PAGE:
Annual Jewish Film Festival: big opportunity for small works

April 01, 2004|By Chris Kaltenbach | Chris Kaltenbach,SUN MOVIE CRITIC

Baltimore's annual Jewish Film Festival may seem small, but it's become quite the player over its 16-year history.

Tonight through April 25, nine films - all Baltimore premieres - will be screened at the Gordon Center for Performing Arts in Owings Mills. All have Jewish themes or are the work of Jewish filmmakers. Most will likely never be shown on the big screen in these parts again. And many, made on a small budget and without big-time promotional campaigns, are counting on festivals like this to spread the good word, paving the way for a theatrical run or increasing interest in a DVD release.

"With the awareness that the festival is raising, we will come out better in the long run," says Linda Duchin, a vice president of New Yorker Films. Her company has two movies on the schedule, the opening-night feature, Taking Sides (also screening Sunday), and Tycoon: A New Russian (April 15 and 20). "You're going to get free press and great publicity, it's in the program, it gets seen by the many people who attend the festival," Duchin says.

In the cutthroat world of film promotion and booking, distributors who don't have big names like Warner Bros., Paramount or Miramax are anxious for any help they can get. While big-studio releases like Walking Tall and The Prince & Me (both opening nationwide tomorrow) appear on thousands of screens simultaneously, the smaller, independent-studio releases tend to open city-by-city over a period of weeks or months, depending on good reviews or word-of-mouth for their success.

Events like the month-long festival, with its audience of movie lovers anxious to embrace films that don't show up on most people's radar screens, present opportunities that distributors can't pass up - especially if a film seems suited for a particular niche audience.

The idea that a movie may play well at festivals where all the films share a common theme is often a factor when distributors go out looking for films in the first place, Duchin says.

"We always have to ask when we buy a film, `Who is the audience for this film, and how can we market the film?' " she says. "With this film, we made the decision to go with the festival, to wait to open [theatrically], because we thought that the festival was the best place to play the film."

Showing a movie to an audience predisposed to finding its subject matter interesting is just smart business, says Emily Woodburne, a booker for New York-based Zeitgeist Films. "It's a targeted market, people who you're keeping an eye on."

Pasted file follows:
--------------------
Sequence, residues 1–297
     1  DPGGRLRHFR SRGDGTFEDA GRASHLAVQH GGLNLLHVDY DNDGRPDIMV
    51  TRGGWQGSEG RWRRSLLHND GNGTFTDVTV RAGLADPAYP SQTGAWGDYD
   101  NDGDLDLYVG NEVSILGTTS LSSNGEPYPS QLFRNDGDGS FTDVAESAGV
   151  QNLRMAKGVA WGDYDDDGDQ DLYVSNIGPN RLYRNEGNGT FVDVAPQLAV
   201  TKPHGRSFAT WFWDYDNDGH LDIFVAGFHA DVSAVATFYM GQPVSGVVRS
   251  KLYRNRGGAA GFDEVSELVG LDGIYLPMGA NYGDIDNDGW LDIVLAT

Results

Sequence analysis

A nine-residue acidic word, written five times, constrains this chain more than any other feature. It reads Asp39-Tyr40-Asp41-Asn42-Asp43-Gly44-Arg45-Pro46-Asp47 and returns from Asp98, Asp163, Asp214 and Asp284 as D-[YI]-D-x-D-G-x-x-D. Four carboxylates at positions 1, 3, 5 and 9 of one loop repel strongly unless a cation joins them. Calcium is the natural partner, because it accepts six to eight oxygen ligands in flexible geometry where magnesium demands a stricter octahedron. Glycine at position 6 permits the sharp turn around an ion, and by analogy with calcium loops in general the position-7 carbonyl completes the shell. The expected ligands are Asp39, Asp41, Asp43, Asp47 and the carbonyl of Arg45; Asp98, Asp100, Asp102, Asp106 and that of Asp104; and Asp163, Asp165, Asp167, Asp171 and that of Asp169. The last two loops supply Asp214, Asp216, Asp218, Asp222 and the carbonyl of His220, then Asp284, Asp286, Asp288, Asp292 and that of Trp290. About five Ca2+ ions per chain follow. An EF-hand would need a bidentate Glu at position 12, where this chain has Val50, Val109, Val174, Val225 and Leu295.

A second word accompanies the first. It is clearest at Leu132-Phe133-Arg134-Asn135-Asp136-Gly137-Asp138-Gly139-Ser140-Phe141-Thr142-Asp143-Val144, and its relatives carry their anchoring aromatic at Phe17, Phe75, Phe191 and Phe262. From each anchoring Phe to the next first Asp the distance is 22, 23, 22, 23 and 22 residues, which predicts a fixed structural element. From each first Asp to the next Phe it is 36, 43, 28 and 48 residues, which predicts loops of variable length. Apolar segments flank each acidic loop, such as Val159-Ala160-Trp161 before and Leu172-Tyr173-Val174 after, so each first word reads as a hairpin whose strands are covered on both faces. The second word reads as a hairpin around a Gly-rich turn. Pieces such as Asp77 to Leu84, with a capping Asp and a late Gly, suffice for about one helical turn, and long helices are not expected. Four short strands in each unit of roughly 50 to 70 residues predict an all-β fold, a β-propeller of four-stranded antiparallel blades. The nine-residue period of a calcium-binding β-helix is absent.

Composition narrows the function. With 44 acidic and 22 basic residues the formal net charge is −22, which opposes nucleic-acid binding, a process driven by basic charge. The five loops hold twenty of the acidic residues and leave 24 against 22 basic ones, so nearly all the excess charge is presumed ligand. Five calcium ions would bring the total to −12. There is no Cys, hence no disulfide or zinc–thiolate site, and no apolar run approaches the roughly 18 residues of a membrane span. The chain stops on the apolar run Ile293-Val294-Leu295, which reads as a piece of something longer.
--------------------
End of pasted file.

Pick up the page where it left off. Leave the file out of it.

Zeitgeist's festival entry, James' Journey to Jerusalem (April 8), about an African who makes a pilgrimage to Jerusalem and, thanks to a case of mistaken identity, gets thrown in jail, has already opened in New York, Los Angeles and Washington, to excellent reviews. So far, the JFF screening is its only scheduled appearance here.

"In some cases, a good festival run will lead to a theatrical run," Woodburne says. That proved true last year, when Zeitgeist's Nowhere in Africa premiered at the festival, then played later at the Charles. Of course, it didn't hurt that Nowhere in Africa won the Oscar for best foreign-language film just before its Baltimore premiere, but the warm reception it received at a festival with a growing reputation for quality films and perceptive audiences certainly helped the process along.

"When I looked at the roster of films that are playing at this festival, I thought it was great," says Stuart Sender, who will be in town April 17 to present his documentary Prisoner of Paradise. "It's a real range of material - funny, dramatic, some of it's taking some risks. I really appreciated the program."

And he understands that festivals like Baltimore's are perfect for films like his, the story of a well-known German-Jewish actor and director who, during World War II, was ordered by the Nazis to make a film that showed them in a good light.

"You know you are going to have an appreciative audience," he says. "If we were [later] to go into Baltimore, and there was already some good word of mouth, that wouldn't hurt."

All screenings are at the Gordon Center for Performing Arts, 3506 Gwynnbrook Ave., Owings Mills. $8 per film. For more information, call 410-542-4900, Ext. 239, or visit

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